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HALAKHIC POSSIBILITIES FOR WOMEN
Orthodoxy And Feminism Norma Baumel Joseph
Abstract: Norma Baumel Joseph explicates the Orthodox feminist demand for more inclusive roles for Jewish women, including fuller participation in communal and religious activity. She examines four different models offered by Rabbis Yisrael Meir Ha-Kohen (Hafetz Hayyim), Samson Raphael Hirsch, Moshe Feinstein and Joseph B. Soloveitchik to justify the acceptance of women’s Torah study, in an attempt to determine a valid halakhic model for feminist innovation. Biography: Dr. Norma Baumel Joseph, a member of The Edah Journal editorial board, is Associate Professor and PhD. Graduate Program Director in the Department of Religion at Concordia University, Montreal, Quebec.
The Edah Journal 1:2 Edah, Inc. © 2001 Sivan 5761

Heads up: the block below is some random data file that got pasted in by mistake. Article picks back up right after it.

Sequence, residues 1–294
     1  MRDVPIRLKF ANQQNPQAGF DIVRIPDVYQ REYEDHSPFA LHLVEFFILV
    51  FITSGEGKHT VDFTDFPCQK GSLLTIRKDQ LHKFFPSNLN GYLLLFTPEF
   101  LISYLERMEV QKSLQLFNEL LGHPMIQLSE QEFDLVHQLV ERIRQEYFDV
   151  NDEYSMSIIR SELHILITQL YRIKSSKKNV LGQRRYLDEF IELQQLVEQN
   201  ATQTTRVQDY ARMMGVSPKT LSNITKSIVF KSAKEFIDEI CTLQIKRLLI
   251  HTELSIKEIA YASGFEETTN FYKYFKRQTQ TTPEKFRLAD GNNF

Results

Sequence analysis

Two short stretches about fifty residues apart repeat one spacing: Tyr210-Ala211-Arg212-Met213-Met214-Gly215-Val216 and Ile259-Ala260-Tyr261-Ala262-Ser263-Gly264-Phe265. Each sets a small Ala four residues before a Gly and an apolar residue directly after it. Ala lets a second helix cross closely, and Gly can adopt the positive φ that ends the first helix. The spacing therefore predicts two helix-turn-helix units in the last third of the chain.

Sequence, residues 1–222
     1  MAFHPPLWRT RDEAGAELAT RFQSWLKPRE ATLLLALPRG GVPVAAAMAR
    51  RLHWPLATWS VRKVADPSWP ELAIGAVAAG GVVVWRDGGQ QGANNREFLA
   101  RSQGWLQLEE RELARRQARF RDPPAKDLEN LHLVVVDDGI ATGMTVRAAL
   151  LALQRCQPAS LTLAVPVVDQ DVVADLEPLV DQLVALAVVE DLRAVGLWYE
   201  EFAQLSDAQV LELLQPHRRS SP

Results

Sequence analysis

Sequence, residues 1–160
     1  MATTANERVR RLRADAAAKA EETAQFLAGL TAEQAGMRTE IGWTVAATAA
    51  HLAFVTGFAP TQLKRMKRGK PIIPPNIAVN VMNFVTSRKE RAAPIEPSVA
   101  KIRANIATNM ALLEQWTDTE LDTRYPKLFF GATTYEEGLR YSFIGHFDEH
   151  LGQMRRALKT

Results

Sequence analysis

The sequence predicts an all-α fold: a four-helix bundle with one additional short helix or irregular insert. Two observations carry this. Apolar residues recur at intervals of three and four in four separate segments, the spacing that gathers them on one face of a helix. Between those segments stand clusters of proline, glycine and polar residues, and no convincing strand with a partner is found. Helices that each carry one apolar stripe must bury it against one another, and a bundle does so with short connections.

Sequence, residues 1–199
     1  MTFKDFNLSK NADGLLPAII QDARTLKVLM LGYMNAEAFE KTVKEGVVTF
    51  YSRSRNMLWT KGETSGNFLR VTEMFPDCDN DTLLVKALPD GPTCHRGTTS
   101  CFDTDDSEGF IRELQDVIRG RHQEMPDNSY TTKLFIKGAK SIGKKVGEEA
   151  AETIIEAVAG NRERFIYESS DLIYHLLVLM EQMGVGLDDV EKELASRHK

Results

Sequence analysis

1984).2 (1973): 5-28. What does it mean to Modern Orthodoxy to be inclusive of women? Surely Jewish practice applies to women. religious Jewish women from all denominations found that their concerns were focused not on theology (like those of their Christian colleagues).Orthodoxy And Feminism Norma Baumel Joseph M odern Orthodox Jews place great emphasis on certain issues. My interest in this essay is with this last item and its diverse standards and divisive thrust. hadlaqat neirot (candles). according to Maimonides. The problem addressed by these changes is not the absolute absence of women in ritual patterns. secular studies.14. Women are ritually obligated in almost all of Jewish ritual. Women are exempted from only 14 of the 613 commandments. The concentration on exemptions. a girl can have a Bat Mitsvah celebration in every denomination or sector of Jewish practice.” Tradition. havdalah rituals. especially those life cycle rituals that marked the individual’s passage into the community of adult Jews. Although puberty rituals were not significant in Jewish life until the modern period. and niddah (menstrual separation)—do not know what they are talking about. but on ritual-ritual that would sanctify their lives. The communities of Modern Orthodoxy.1 So what is the big complaint about? Even the exemptions have been mostly overridden today as women have taken upon themselves the obligations of shofar. See also. but the consequential absence of women at certain critical moments either in their lives or in the life of the community. lulav. Rachel Biale. and even haredi parties at Rachel’s Tomb—the mere fact that a girl’s coming of age is celebrated publicly and religiously is an historic shift. When the current phase of feminism began in the seven- ties. and set a standard for their inclusion in the corporate community of Israel. they have fast become vital. Those who claim that women have only three mitsvot—hallah. There is no exemption for women from the many laws of kashrut or Shabbat. obligations and prohibitions conceals a plethora of issues and problems. The Edah Journal 1:2/ Sivan 5761 Joseph 1 . Today. Thus. They also purport to advocate greater inclusion of women within the practice of Jewish ritual. many of these ritual customs were amended to embrace women’s needs. Hence. Women in Jewish Law. mark their life cycle passages. halakhic approaches to modern standards of science and medicine. and sukkah. “ The Status of Women in Halakhic Judaism. and a Judaism that encourages living in the world. respect for differing religious traditions. They are concerned with religious Zionism. ( NY: Schocken Books. the absence of communal acknowledgment of their presence left female children invisible in communal life. the first indication of feminist transformations appeared in the area of ritual celebrations. group ceremonies. 1 See Saul Berman. In the past three decades. democracy. Although the ceremony varies greatly—from an identical copy of the Bar Mitsvah to school parties. not just the women.